EDWARD SNOWDEN I was shocked that anyone in the UK government would go so far for so little. If the UK had been pursuing, say—(the magic is back) You, Mimi, then shoot, girl. I’d violate the Geneva Conventions, too.

MIMI I’d violate all the conventions with you.

EDWARD SNOWDEN That could get… unethical.

MIMI I’ve got lots of secret intelligence if you’ve got the skills to— hack it.

Romantic fantasy aside, the parallel that the playwright tries to establish between Mimi and Snowden is way out of proportion. Snowden released classified documents that revealed NSA infringement of privacy rights. He is still living in exile.

Mimi works in a coffee shop and has evidence of repeated thefts from the cash register by an employee. Blowing the whistle will have some consequences for the employee. At most. No human rights violations, no huge, overriding political considerations.

But while comparing Mimi to Snowden may be far-fetched, the play’s innate theatricality is exactly the type of imaginative, wild-and-crazy stuff that Single Carrot does best. Director Alix Fenhagen takes the play’s stage directions and adds her own wild-and-crazy touch.

The script suggests that Snowden be played by a puppet. Instead, Fenhagen and video designer Sean Anthony Preston use live projections — a choice that is not only tougher technically, but also more in keeping with the real Snowden’s motivation.

Snowden acted out of concern over the abuse of individual privacy. Doing double duty as a cameraman, Parker Matthews spends a lot of the play running around the Windup Space with a video camera. At any moment, this cameraman might be filming/spying on anyone on stage — or in the audience.

Under Fenhagen’s direction, Meghan Stanton and Saraniya Tharmarajah handle the play’s multi-casting with a switch of a prop or two, and a change of voice or posture. They frequently play several characters, of varying ages and genders, in a single short scene.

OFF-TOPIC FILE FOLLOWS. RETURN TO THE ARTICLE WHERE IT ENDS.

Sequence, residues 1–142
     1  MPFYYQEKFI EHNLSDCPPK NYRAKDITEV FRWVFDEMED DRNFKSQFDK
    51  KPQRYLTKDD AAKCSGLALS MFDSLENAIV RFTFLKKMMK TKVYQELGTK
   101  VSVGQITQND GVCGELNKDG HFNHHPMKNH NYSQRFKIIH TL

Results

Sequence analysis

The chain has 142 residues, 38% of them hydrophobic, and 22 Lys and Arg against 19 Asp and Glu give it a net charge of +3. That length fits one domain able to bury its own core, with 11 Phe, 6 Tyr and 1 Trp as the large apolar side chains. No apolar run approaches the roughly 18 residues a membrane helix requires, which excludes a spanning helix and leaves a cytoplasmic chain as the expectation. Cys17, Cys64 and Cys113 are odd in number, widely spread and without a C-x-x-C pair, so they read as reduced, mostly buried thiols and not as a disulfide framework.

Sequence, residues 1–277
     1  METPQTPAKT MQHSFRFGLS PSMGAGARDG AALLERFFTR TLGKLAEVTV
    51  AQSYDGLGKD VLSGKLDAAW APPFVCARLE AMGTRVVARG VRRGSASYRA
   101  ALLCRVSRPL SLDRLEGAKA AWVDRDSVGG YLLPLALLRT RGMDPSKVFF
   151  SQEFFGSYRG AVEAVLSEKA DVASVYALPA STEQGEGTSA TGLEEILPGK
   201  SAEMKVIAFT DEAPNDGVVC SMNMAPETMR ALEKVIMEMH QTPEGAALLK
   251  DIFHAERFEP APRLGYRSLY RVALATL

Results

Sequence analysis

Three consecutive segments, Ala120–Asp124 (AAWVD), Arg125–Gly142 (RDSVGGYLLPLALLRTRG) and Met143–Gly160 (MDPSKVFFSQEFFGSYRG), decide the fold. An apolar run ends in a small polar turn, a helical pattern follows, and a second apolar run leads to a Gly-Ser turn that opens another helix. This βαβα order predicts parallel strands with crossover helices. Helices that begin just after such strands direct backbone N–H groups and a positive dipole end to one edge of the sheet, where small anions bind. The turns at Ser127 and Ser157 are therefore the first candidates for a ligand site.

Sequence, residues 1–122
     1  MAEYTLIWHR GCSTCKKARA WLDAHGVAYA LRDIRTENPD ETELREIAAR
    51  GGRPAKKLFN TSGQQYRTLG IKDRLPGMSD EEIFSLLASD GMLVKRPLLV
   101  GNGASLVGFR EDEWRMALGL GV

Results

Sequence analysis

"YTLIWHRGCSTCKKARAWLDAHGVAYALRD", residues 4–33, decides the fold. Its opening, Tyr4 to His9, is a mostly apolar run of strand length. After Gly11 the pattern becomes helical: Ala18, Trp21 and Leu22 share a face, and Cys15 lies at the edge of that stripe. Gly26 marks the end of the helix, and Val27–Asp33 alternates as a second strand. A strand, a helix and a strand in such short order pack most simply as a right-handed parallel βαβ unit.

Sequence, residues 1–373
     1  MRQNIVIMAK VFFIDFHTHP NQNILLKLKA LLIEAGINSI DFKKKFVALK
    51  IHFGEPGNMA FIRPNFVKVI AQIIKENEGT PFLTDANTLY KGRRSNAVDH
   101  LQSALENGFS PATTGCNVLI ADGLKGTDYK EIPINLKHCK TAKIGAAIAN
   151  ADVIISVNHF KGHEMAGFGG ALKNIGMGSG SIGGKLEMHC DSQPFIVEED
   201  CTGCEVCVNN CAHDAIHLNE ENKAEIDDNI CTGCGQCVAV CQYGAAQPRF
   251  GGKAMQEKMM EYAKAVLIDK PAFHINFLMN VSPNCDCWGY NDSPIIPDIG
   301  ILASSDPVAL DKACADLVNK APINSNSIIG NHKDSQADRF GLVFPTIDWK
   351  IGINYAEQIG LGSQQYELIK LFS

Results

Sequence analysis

There’s thematic justification for multi-casting. Are any of us who we appear to be? And don’t we all contain aspects of the people close to us?

Despite Single Carrot’s excellent work, “Is Edward Snowden Single?” can be confusing. The stage directions acknowledge that it may be — quote — “barely comprehensible.” It may — quote — “[leave] the audience behind.” The playwright’s okay with that.

Integrity, it seems, isn’t just an issue for Snowden and Mimi; the play’s structural integrity is also at issue. And yet, at Single Carrot, director Fenhagen and company almost make up for this with a strong dose of technical ingenuity and inventive artistry.

Single Carrot Theatre’s production of “Is Edward Snowden Single?” continues at the Windup Space on North Avenue through March 12. The show is also available virtually.

I’m Midday theater critic J. Wynn Rousuck. Thanks for listening!

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J. Wynn Rousuck has been reviewing theater for WYPR's Midday (and previously, Maryland Morning) since 2007. Prior to that, she was the theater critic of The Baltimore Sun, where she reviewed more than 3,000 plays over the course of 23 years.
Rob is a contributing producer for Midday.